The day after I graduated high school my friends and I rode out of our hometown, Ithaca, NY, in a piece of shit ‘79 Toyota RV. Even as we sat in the flea-ridden seats with the wind whipping through our hair, it didn’t seem real: our crappy little band, Fight A Scary Dog, was going on tour. Luckily for us, we had a mentor along for the ride. Ryan, an anarcho-punk activist banjo king with a big heart and inexhaustible patience, toured with us and did the majority of the booking and logistics for those three weeks. That tour was one of the best experiences of my life, and so with another summer upon us, my band set out to do it again. This time, we were booking it ourselves. At first the idea of doing it ourselves was pretty intimidating: Ryan is an established musician, has an incredible number of contacts, and just generally knows how to get things done. But as it turns out, there was no reason to be worried. Anyone can book a DIY tour! Here’s how:
1. Secure a vehicle in reasonable working condition. If you don’t have one, ask around and see if someone will let you borrow theirs or wants to come with. Someone was actually living out of the RV we took on the first tour, Ryan let him stay in his house for three weeks while we were away!
2. Have some kind of recording available, even if you make it in your basement. No one’s going to take your word that your band is good.
3. Make a route, but keep it vague. Once you know roughly where you want to go, book in geographical chunks and just see what you get. It’s pretty difficult to be sure of getting shows with people you don’t know, so keep your options open. Once you have one leg of your trip planned, move on to another. Go in small increments. This method ensures you get shows that make sense with each other, but it also means you have to start booking months in advance. I recommend trying to keep the driving increments around 3-4 hours. That way you can cover gas from show to show and you don’t murder your band mates.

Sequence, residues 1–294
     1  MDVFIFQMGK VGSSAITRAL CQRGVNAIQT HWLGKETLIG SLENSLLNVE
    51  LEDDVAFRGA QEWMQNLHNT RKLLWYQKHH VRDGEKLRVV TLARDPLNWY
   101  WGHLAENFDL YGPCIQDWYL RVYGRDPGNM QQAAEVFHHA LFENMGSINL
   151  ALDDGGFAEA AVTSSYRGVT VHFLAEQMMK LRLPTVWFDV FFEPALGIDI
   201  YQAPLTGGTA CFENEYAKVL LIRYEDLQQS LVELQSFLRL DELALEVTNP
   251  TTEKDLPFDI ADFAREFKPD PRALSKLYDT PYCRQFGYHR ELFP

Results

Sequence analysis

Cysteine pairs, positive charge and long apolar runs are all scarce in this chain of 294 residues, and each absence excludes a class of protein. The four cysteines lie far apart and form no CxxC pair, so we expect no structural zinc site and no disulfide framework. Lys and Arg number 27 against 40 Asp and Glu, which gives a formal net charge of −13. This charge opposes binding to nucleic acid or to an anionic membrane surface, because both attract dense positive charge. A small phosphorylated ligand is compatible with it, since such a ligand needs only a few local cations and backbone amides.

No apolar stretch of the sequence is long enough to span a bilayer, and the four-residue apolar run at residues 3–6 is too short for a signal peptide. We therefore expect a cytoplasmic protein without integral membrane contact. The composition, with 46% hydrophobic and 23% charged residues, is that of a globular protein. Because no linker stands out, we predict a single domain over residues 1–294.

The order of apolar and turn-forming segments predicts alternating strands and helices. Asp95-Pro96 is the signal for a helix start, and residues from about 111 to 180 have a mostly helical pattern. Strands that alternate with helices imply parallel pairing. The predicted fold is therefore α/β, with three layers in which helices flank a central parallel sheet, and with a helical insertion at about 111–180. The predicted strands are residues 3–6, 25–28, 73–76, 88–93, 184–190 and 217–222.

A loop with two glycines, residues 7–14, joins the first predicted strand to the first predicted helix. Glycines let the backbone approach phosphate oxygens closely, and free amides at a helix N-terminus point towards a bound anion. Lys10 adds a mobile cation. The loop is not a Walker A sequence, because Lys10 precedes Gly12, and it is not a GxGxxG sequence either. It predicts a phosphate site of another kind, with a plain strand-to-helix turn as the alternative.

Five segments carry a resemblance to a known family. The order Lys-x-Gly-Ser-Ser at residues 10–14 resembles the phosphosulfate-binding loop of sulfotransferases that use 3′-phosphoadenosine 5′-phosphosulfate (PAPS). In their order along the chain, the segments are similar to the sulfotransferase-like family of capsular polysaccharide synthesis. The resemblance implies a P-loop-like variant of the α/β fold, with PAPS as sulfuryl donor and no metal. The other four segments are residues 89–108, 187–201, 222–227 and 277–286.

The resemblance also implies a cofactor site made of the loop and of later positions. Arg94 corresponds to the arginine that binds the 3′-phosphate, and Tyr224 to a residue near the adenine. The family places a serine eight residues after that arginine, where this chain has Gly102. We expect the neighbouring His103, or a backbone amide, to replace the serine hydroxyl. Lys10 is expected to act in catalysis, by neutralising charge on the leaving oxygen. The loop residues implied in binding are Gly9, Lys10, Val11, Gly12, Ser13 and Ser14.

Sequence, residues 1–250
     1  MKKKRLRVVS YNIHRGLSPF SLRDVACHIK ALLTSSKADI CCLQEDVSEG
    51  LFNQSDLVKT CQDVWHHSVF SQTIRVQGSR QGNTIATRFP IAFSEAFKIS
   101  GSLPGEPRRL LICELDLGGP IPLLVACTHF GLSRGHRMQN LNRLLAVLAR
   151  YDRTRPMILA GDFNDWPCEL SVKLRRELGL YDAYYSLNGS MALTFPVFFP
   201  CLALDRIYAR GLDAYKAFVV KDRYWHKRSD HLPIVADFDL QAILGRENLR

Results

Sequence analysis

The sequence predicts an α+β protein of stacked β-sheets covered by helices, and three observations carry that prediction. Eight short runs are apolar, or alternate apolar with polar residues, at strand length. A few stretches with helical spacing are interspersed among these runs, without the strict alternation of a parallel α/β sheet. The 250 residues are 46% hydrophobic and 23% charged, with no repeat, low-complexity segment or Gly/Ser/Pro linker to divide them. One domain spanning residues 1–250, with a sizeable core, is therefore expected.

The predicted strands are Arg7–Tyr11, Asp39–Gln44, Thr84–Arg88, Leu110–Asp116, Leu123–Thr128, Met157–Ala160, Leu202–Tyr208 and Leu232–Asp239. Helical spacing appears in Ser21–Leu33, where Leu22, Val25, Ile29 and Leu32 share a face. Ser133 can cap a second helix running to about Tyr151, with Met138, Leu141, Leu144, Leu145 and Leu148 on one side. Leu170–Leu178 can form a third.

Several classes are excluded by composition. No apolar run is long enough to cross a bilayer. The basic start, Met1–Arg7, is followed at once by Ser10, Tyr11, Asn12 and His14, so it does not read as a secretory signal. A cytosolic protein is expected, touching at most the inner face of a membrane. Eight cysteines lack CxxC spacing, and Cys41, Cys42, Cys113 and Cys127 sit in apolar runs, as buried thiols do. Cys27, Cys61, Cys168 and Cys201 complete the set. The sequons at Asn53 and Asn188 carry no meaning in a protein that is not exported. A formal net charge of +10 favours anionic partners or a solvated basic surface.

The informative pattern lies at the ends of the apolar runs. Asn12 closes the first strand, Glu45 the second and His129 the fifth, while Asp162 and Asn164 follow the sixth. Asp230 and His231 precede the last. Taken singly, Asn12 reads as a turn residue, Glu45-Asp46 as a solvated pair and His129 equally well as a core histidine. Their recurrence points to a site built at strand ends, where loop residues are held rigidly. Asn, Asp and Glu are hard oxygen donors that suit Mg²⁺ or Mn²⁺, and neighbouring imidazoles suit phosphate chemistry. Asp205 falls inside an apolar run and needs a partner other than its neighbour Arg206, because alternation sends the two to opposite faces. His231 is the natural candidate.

4. Email EVERYONE. We used the websites Do DIY and Book Your Own Fuckin’ Life and essentially emailed every single place that lined up with our possible routes. Give them a few dates to work with. Don’t bother contacting venues that look inactive (if they haven’t logged into their myspace in two years, for instance). Do some legwork too, research the places you are trying to play and look around for venues and DIY websites from those areas. Contact bands you like or bands you’ve played with in the past and see if they can help you out. A lot of people are surprisingly accommodating. Don’t be too picky about the places you play, and make sure to ask them if they will give you a place to stay!
5. Save some money. It is safe to say you will probably make enough money for gas at each show. If you play DIY houses, particularly collectives, there is a good chance they will feed you, too. However, you’ve got to be prepared that everything will go wrong! You will probably not make money on tour, and you’ll be lucky to break even. On the bright side, it’s like a cheap vacation! Don’t buy beer with your band money! Bring merch to sell to help you cover gas. Figure out roughly what gas is going to cost you, and bring as much extra as you can. We started our tour with about $500 saved up for 3 weeks of travel.
6. Bring a tent and relinquish any delusions of maintaining personal hygiene.
7. Get AAA if possible. Get your car checked before you leave.
8. Just book it. Don’t worry about getting all of your ducks in a row before you start to get shows. It takes months to get a tour together and if you wait around to be sure of every detail you probably won’t get off the ground. A cautionary side note: This was our guiding philosophy in booking the tour this year. We got 12 really great shows. Unfortunately we had to cancel the bulk of them because we were banking on our banjo player being able to get out of something that, in the end, he couldn’t. Even though it didn’t completely pan out this time, I still think it’s important to jump into booking. The pressure of obligation will really push you to get things done.
9. When you are finally on your way, be nice. I was surprised over and over by how kind and generous people actually are. So do the dishes, clean up after yourselves, and make sure people don’t regret putting you up and helping you out. Touring is an eerily karmic experience.
Keep in mind the booking experience will vary depending on the kind of music you play, but pretty much any DIY friendly band can follow these guidelines and get on the road. On the way home from the first tour, my feeling that the whole thing was held together by a thread was confirmed when the back tire fell off of our RV in the middle of the highway. We still made it home. When organizing something as complex as a tour, it is easy to get overwhelmed by the inevitable hazards of traveling and innumerable what-ifs, but don’t be daunted. Touring is probably the most fun you will ever have and it is entirely doable.